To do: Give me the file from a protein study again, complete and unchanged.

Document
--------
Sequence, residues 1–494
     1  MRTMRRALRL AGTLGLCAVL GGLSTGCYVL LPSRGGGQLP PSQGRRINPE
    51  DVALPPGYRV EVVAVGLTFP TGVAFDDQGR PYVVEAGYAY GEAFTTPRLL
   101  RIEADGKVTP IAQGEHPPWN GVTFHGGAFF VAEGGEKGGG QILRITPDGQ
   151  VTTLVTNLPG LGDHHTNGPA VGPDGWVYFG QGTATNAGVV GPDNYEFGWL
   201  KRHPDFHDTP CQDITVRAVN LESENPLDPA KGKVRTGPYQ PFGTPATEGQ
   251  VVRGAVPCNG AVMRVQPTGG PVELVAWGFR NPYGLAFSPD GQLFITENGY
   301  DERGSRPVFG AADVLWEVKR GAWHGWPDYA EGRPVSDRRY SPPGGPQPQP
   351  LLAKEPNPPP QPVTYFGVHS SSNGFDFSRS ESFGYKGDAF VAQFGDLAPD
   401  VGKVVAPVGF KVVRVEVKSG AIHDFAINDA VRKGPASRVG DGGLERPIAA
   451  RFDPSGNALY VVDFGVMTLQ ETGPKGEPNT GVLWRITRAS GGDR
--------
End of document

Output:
Sequence, residues 1–494
     1  MRTMRRALRL AGTLGLCAVL GGLSTGCYVL LPSRGGGQLP PSQGRRINPE
    51  DVALPPGYRV EVVAVGLTFP TGVAFDDQGR PYVVEAGYAY GEAFTTPRLL
   101  RIEADGKVTP IAQGEHPPWN GVTFHGGAFF VAEGGEKGGG QILRITPDGQ
   151  VTTLVTNLPG LGDHHTNGPA VGPDGWVYFG QGTATNAGVV GPDNYEFGWL
   201  KRHPDFHDTP CQDITVRAVN LESENPLDPA KGKVRTGPYQ PFGTPATEGQ
   251  VVRGAVPCNG AVMRVQPTGG PVELVAWGFR NPYGLAFSPD GQLFITENGY
   301  DERGSRPVFG AADVLWEVKR GAWHGWPDYA EGRPVSDRRY SPPGGPQPQP
   351  LLAKEPNPPP QPVTYFGVHS SSNGFDFSRS ESFGYKGDAF VAQFGDLAPD
   401  VGKVVAPVGF KVVRVEVKSG AIHDFAINDA VRKGPASRVG DGGLERPIAA
   451  RFDPSGNALY VVDFGVMTLQ ETGPKGEPNT GVLWRITRAS GGDR